Smithsonian Student Travel | Scotland | NEW
- Reconstruct a Stone Age settlement on the shores of Loch Tay
Hike through epic scenery in the Scottish Highlands
Sail to an island with spectacular caves, rock formations, and puffin colonies
Explore the immense and fascinating history of beautiful Edinburgh
This itinerary represents our plan for the program. However, we may implement changes if we identify opportunities to improve the experience, to take advantage of unexpected events, or to accommodate local schedule changes.
Departure • Travel Day • Meet your student travel group and one of your trip leaders in New York City and fly to Edinburgh, Scotland.
St. Andrews • 3 days • Begin your time in Scotland in the university town of St. Andrews. The school here is the third oldest in the English-speaking world, and educates students from around the world in a beautiful coastal setting. You’ll begin your program with an in-depth orientation among the trees and cobbles, then explore the town and its surrounding villages, beaches, and coastal walks. Meet with local guides and cultural practitioners as you start shaping your own independent project. Your Smithsonian Student Travel Expert joins the group here and in the Highlands to share valuable insights into the history and cultural heritage of the Scottish people.
Scottish Highlands • 4 days • Travel from the coastal lowlands to the Highlands, a place of expansive views and remote communities. At Loch Tay, help reconstruct a Stone Age settlement, built for protection on artificial islands in the lochs, as well as medieval castles and historic sites. Attend a traditional ceilidh dance and learn some new steps. Hike through incredible scenery, along lochs, meadows, and some of Scotland’s highest peaks at Glencoe.
The Hebrides • 5 days • Head to the Highlands’ western edge, where countless islands extend into the Atlantic Ocean. Spend the day at a Gaelic school on the Isle of Skye and learn how the language is being passed down to the next generation. Take a day trip by boat from the Isle of Mull to Staffa, where columnar basalt formations and caves have inspired composers and artists for generations, and turn your eye to the sea cliffs, where Atlantic puffins nest and raise their pufflings. Sail to Iona, where 15 centuries of monastic history create a fascinating setting. Travel to some of the smallest communities remaining in Scotland to experience their remote beauty and learn how traditions and culture are being kept alive.
Edinburgh & Glasgow • 4 days • Return to Scotland’s bustling capital city of Edinburgh to end your program. From the ancient winding cobblestone streets, royal residences, and former tenements of the Old Town to the genteel planned neighborhoods of the New Town, explore the historic settings that produced world-famous scholars, inventors, and thinkers. Walk up to King Arthur’s Seat, all that remains of an extinct volcano, for stunning views of the city. Head to Glasgow for a day trip to experience the charms of Scotland’s largest city before you head home.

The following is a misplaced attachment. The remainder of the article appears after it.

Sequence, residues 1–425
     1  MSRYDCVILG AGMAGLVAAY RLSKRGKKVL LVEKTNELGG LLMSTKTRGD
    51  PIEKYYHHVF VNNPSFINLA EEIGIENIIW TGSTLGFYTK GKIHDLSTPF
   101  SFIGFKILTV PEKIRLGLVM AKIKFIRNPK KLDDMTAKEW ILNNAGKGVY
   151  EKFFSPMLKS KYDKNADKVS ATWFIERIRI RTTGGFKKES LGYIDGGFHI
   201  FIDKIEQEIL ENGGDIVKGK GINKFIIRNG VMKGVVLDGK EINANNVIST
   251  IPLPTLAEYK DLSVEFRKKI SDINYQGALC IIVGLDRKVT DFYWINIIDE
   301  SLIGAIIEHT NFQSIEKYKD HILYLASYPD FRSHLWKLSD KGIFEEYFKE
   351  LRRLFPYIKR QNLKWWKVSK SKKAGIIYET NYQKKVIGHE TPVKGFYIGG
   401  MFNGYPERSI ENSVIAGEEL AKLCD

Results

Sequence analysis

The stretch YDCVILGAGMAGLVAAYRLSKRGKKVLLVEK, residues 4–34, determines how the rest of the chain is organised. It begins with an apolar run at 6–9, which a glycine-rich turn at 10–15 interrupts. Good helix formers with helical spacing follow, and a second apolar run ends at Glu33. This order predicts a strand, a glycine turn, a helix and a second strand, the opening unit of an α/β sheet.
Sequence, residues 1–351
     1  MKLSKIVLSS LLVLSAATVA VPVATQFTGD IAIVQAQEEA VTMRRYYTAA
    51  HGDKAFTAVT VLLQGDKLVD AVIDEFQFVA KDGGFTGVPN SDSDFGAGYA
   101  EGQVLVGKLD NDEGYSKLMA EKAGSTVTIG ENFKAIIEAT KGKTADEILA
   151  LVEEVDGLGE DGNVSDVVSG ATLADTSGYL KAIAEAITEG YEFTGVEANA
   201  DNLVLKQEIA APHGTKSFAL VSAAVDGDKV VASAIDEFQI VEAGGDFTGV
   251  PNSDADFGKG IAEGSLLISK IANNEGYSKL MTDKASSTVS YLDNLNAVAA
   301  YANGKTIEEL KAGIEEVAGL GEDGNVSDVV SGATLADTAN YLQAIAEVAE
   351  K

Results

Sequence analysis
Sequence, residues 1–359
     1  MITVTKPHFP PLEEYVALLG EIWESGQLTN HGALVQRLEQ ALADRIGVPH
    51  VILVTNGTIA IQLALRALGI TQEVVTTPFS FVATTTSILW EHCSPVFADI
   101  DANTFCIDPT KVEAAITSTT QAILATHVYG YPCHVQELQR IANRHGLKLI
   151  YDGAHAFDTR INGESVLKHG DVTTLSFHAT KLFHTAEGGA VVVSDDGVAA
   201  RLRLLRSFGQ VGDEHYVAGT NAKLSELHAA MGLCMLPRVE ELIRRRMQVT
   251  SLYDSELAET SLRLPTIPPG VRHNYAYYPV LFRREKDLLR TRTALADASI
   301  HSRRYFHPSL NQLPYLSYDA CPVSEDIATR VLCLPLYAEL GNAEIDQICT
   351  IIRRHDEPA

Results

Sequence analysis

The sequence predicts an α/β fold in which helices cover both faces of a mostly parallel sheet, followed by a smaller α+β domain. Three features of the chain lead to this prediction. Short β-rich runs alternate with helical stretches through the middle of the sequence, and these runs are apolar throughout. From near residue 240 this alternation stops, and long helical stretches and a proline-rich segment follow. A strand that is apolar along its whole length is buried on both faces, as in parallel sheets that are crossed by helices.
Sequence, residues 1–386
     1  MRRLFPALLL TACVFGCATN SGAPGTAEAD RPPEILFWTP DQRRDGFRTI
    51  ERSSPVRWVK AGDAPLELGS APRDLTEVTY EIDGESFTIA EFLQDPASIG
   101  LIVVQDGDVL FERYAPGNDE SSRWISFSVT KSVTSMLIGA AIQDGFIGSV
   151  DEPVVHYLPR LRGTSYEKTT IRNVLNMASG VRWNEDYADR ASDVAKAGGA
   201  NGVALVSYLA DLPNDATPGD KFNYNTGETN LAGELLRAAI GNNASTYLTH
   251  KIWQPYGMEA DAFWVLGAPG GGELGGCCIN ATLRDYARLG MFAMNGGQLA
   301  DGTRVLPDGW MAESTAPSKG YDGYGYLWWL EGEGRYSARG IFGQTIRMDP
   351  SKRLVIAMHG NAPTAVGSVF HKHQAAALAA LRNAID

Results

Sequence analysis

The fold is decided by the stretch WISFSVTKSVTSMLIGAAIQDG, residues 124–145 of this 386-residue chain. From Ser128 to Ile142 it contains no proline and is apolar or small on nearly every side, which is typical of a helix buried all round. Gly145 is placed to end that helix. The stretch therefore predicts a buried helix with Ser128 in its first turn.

Return • Travel Day • Fly from Edinburgh, Scotland to New York City with your group and a trip leader, then continue on to your final destination.
Smithsonian Student Travel Expert
The expert(s) highlighted below are examples of professionals that will join the group at various points throughout the itinerary to add their expertise and insight to the program theme.
Tom will be joining the June 23 departure of the Scotland program.
What to Expect
Accommodations • Throughout the trip, we stay at a mix of hotels, hostels, and student accommodations. Breakfasts are included at most destinations.
Climate • Scotland’s climate is shaped and driven by the sea – expect cooler temperatures and more rain and wind than you may be used to in summertime. Expect daytime temperatures in the 60s and low 70s, with cool nights, and the potential for cooler days in the Highlands and the Hebrides.
Meals • We eat meals either at our accommodations, on-the-go during our daily excursions, or at local restaurants. The group will form cooking and cleaning crews to help with shared meal preparations and cleanup.
Cuisine • Scottish cuisine centers around staples like oats and potatoes, shaped into any number of dishes, but also encompasses fresh produce, wild game, seafood, and delicious breads and baked goods. You’ll certainly have a chance to try haggis, the national dish, as well as a wide variety of local and international flavors. A traditional Scottish breakfast contains fried eggs & mushrooms, sausage, baked beans, potato scones, black pudding, and grilled tomato.
Language • English, Scots, and Scottish Gaelic are all official languages in Scotland, with Gaelic being primarily spoken in the remote western parts of the country. You will have a chance to learn some Gaelic phrases and traditions.
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